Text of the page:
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Indo-Nepal Trade and Investment: An Analysis

Nisha Taneja, Shravani Prakash, Samridhi Bimal, Sakshi Garg and Riya Roy
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Nisha Taneja: Nisha Taneja is Professor at Indian Council for Research on International Economic Relations. Her broad areas of interest include WTO issues, regional trade, industrial economics, and institutional economics. In recent years she has worked on tariffs, non-tariff barriers, and transport issues related to India-Nepal, India-Sri Lanka, India-Pakistan, India-Bhutan, India-Korea, India-Japan, India-China and sub-regional cooperation between India, Bangladesh and Myanmar.
Shravani Prakash: Shravani Prakash is an Independent Consultant on Economic and Trade Policy Research. She has more than 15 years of experience in policy-oriented research in India on areas including regional trade in South Asia, trade and transport facilitation, non-tariff barriers, informal trade, WTO and trade policy issues, FTAs, trade in services; among others. She was earlier Research Associate at Indian Council for Research on International Economic Relations (ICRIER) and has been a short-term consultant with World Bank in India. She holds a Masters in Economics from University of Warwick.
Samridhi Bimal: Samridhi Bimal is Fellow at ICRIER, New Delhi. She has over eight years of research expertise on international trade and trade policy issues related to the WTO, regional trading agreements and domestic trade policies. She has worked extensively on South Asia on a wide array of issues including trade, investment, transport facilitation, non-tariff barriers and informal trade. She has also been associated with the World Bank as a Short-term Consultant for their programme on Regional Integration in South Asia. Her research areas of interest include international trade, development policy and regional economics. She holds a PhD in Economics from Jawaharlal Nehru University, New Delhi.
Sakshi Garg: Sakshi Garg is a Research Assistant at Indian Council for Research on International Economic Relations (ICRIER), Delhi. She is doing policy-oriented research on issues pertaining to Economic Integration in South and South-East Asia. The themes she has worked on include Regional trade, Trade Facilitation, Informal Trade and Connectivity. She holds a Master’s degree in International Business Economics and Finance from Gokhale Institute of Politics and Economics and a B.A. (Hons.) in Economics from Gargi College, University of Delhi. Her broad research interests include Trade and Development and WTO issues.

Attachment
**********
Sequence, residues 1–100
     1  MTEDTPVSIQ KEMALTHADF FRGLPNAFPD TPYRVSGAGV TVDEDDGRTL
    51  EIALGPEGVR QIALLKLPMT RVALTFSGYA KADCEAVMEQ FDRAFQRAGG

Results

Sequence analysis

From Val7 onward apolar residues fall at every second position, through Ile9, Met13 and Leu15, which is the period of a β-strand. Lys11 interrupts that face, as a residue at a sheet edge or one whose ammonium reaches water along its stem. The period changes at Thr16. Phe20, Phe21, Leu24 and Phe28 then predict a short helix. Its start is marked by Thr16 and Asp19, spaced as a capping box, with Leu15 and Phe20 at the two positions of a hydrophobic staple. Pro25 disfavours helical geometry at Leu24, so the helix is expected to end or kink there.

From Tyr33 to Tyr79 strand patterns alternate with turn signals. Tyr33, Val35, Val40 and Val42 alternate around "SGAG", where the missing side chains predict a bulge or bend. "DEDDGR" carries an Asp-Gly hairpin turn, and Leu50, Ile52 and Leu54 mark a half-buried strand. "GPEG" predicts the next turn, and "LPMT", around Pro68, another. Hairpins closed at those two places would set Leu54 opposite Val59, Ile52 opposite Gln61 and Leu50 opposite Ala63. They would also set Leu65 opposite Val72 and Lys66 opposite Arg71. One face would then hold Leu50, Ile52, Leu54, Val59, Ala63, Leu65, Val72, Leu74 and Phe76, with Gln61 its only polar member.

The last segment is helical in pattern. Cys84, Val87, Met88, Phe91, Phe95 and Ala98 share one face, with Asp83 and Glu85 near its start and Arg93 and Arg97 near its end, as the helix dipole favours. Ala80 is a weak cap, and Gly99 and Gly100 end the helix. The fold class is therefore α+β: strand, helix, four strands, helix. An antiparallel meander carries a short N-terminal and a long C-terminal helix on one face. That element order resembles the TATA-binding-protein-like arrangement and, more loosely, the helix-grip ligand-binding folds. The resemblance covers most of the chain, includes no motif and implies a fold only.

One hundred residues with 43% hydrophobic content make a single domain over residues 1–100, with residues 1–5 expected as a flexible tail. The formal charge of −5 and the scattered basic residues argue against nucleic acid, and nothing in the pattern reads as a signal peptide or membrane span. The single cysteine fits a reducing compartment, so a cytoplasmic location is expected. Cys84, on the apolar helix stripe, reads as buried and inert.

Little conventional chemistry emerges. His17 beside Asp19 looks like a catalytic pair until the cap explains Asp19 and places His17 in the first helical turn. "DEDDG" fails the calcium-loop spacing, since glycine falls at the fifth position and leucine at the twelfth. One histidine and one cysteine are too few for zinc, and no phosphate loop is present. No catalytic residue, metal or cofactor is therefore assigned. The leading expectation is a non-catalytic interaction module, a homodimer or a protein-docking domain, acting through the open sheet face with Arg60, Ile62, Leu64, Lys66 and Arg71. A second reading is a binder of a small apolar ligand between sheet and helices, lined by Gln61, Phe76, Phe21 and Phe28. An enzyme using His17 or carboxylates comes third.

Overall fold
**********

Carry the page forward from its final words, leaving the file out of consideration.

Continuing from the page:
Riya Roy: Riya Roy is currently a graduate student at the Graduate Institute of International and Development Studies, Geneva. She is pursuing a Master in International Affairs specialising in Trade and Finance. She has a Bachelor’s degree in Economics from IPCW, University of Delhi. At ICRIER, she has actively worked on international trade and investment policies, regional trade agreements and South Asian connectivity and integration. She is currently working with the WTO as a Capstone student researcher on opportunities and challenges of shifting from consensus-based decision making to Plurilateral Joint Initiatives. Her broad research interests include trade policies, WTO issues, formalisation of informal trade, development, and gender.

India Quarterly: A Journal of International Affairs, 2020, vol. 76, issue 2, 243-275

Abstract: India and Nepal have traditionally shared a unique relationship of friendship and economic cooperation. The relationship is characterised by an open and people-friendly border and is built on shared historical, cultural, linguistic and ethnic links between people residing in India and Nepal. With Nepal being a priority under India ‘Neighborhood First’ policy, strengthening the economic relationship holds immense significance and potential for both the countries. While the political relations between India and Nepal have been extensively studied, there is not much literature that explores the economic relationship between the two nations. This is an important issue to study, as India is Nepal’s largest export market, the biggest source of its imports, the top investor of foreign capital stock and among the largest donors of foreign aid. India also provides Nepal transit facility through its territory to access seaports for trading with the rest of the world. Given this, the main objective of this article is to suggest policy measures, which can increase bilateral trade and investment between India and Nepal. The article analyses the bilateral trade patterns and estimates the maximum additional trade potential. A wide range of issues of importance pertaining to bilateral trade, including tariffs, levy of an agricultural reform fee, under utilisation of the tariff rate quota, non-tariff measures, issues related to Rules of Origin (ROO) and physical barriers to cross-border movement of goods are discussed. The trends and changing sectoral composition of India’s investment in Nepal and barriers and opportunities for Indian investment in Nepal are also analysed. The article concludes by charting a way forward for bolstering economic cooperation between the two countries by listing down recommendations for enhancing trade, addressing non-tariff barriers, upgrading infrastructure to improve connectivity and enhancing Indian FDI in Nepal. JEL Classification: F10, F13, F15, F50, F53, P45

Keywords: India–Nepal; bilateral trade; bilateral investment; trade in services; non-tariff barriers (search for similar items in EconPapers)
Date: 2020
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DOI: 10.1177/0974928420917799

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